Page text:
Despite Ivan Gazidis' bullish talk of an 'escalation in financial firepower', Arsenal are quickly learning that having a bulging bank account is not the be-all and end-all when it comes to a summer recruitment drive. Working out exactly how their vast wealth should be spent is now the biggest problem facing the Gunners and an entirely unfamiliar concern to a club previously so adept at finding the best value in the lower end of the market.
Arsene Wenger has decided that acquiring a new number nine is his top priority and to many fans the next steps initially seemed rather simple. 1. Identify leading target. 2. Prepare briefcase of unmarked bills. 3. Arrange to meet at a secure location. 4. Swap briefcase for target. 5. Ask if all this secrecy was really necessary.
The 'hitch' in this absurdly straightforward hypothetical negotiation process came when the first name in the frame, Gonzalo Higuain, had his price hiked by Real Madrid, perhaps as part of an elaborate game of cat and mouse that revolves around Arsenal's expensive Plan B: Luis Suarez.
Ah, Luis Suarez. Slayer of defences. Twister of blood. Great goalscorer and scorer of great goals. Plan B? He should have been Plan A, Plan B and Plan C (don't ask what the C stands for). Why on earth wouldn't you want to sign him?
Oh, right. That. And that. And yes, probably that as well. Not that last thing, though. I think that was Noel Edmonds.
Well, hasn't this left Arsenal fans in something of a bind? On the one hand, a good number of supporters would be delighted to welcome the second most prolific striker in the Premier League last season and a signing that would herald a new era of financial strength. Shelling out for Suarez is in many ways a no-brainer and, although his arrival wouldn't necessarily mean the Gunners are challenging for the title, he would allow for fewer nerves in the race for a Champions League place. An Arsenal with Suarez are at present more than a single point stronger than Spurs, even considering Andre Villas-Boas' shrewd acquistion of Paulinho and Nacer Chadli.
But, as Voltaire and Uncle Ben from Spiderman both famously said, with great power comes great responsibility. As much as Arsenal are desperate to strengthen and don't appear to have any other targets aside from Suarez, the club have a duty to listen to the opposing view on signing the forward. The view held by many concerned fans that a line should be drawn between finding a new star striker and placing all one's eggs in the basket of a man known for his remarkable propensity to break eggs.
It's clear that Wenger and Gazidis need to think long and hard about how to proceed before adding another pound to the Gunners' latest bid. Not only are there several compelling objections to signing Suarez - we know what they are - but what would his arrival do to an already divided fanbase?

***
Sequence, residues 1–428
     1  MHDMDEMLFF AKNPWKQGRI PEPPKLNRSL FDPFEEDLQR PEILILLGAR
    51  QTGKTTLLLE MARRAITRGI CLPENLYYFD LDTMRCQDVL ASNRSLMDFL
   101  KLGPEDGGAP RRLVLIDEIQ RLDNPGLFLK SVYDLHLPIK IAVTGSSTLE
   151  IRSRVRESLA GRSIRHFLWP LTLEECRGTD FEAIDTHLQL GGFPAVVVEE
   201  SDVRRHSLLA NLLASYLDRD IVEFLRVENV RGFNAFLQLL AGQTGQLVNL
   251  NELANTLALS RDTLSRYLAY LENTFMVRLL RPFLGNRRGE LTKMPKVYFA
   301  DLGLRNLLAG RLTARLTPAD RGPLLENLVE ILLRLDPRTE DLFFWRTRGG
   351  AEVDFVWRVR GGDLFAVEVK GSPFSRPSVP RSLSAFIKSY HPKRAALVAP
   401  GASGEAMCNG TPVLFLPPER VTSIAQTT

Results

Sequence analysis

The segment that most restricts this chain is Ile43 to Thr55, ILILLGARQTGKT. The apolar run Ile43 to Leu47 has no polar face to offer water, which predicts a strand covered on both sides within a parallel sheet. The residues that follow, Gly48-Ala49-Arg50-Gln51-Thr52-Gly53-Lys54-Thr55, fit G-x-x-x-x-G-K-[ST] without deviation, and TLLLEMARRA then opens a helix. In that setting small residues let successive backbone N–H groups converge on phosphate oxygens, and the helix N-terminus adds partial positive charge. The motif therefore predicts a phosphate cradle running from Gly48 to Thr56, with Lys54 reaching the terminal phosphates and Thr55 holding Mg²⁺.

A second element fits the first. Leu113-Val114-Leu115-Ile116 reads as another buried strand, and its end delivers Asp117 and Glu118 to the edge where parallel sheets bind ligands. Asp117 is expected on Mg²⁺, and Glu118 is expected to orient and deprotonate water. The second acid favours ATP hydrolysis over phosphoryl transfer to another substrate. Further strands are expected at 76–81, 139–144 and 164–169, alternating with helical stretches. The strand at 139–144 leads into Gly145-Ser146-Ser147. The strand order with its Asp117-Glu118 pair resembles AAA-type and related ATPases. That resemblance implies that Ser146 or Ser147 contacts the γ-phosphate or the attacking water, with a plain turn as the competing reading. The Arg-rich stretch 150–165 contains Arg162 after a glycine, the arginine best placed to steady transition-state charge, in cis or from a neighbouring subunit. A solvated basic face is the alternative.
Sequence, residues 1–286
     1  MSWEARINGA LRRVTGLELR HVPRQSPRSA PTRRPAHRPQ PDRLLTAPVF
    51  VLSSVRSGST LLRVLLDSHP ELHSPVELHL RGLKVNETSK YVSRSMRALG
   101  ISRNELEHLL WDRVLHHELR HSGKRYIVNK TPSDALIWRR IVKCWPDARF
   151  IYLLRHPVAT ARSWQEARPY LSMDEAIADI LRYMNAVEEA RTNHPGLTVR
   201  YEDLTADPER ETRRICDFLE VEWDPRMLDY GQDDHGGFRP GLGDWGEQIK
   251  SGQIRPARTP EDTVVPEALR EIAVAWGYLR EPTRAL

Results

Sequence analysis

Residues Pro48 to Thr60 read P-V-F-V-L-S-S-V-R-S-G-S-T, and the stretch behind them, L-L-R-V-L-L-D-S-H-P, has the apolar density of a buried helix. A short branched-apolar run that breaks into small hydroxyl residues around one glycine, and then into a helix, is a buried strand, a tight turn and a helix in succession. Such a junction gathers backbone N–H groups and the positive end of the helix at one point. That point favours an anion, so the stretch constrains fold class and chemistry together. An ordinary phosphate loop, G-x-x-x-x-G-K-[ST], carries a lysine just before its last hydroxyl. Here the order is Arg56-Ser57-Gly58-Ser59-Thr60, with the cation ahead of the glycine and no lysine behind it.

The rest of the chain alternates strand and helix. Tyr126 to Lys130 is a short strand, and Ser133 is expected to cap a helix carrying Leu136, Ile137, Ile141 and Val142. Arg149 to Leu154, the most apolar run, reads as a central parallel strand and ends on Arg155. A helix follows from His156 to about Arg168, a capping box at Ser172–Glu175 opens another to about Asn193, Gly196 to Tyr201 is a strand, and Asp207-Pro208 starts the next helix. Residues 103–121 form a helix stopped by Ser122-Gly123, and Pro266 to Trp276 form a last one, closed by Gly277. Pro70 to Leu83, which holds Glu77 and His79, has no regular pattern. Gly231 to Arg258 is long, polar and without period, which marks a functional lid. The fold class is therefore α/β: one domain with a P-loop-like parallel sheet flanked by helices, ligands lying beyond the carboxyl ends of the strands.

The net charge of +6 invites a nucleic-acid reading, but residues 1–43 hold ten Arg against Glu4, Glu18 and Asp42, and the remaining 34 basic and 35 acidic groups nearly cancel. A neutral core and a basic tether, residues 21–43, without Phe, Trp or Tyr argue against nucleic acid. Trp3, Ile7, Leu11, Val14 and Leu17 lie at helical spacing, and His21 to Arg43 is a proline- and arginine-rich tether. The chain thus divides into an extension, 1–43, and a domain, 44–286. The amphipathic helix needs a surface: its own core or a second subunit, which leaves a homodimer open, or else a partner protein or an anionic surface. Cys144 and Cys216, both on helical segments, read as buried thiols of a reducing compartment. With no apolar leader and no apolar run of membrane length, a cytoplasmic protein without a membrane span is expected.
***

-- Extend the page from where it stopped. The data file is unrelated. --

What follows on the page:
One imagines that there would be a great deal of side-switching between Wenger Outs and Wengerites, the consequence of which would be enormously detrimental to the 'Right Way Of Doing Things' philosophy long-preached by the manager and his aides. Although Arsenal clearly have their problems at the moment, the eight-year trophy 'drought' has been a manageable and managed situation, leading the Gunners to this position of renewed power.
But Suarez changes all that. He changes the nay-sayers into yea-sayers and he also changes Wenger's - and by extension the club's - philosophy. If you sign football's enemy number one, you have to accept that it will be perceived that you are washing your hands of the relevant moral considerations. And without a doubt, they are relevant.
Perhaps you believe that some fans are too hung up on the rights and wrongs of this deal, but surely everyone can understand why the concerns exist. It isn't difficult to sympathise with fans who feel that Arsenal are selling out by pursuing Suarez and are startled at the sudden change in their peers' attitude as the club's interest gathers pace.
For Arsenal, the effect of this is the real issue. There are Gooners who have commented on F365 that they won't return to the Emirates if the club sign Suarez and that obviously isn't a desirable situation for anyone. The truth is that the club wouldn't be in this position to splurge if it wasn't for loyal fans filling the Emirates every other week and so the least Wenger and Gazidis owe is an explanation of why Suarez's indiscretions matter not a jot when it comes to chasing a new striker.
It seems an enormous amount to consider for just one signing, one footballer, one man. But if Arsenal step over the line that many fans have drawn, there is no coming back.
Matt Stanger - he's on the Twitter.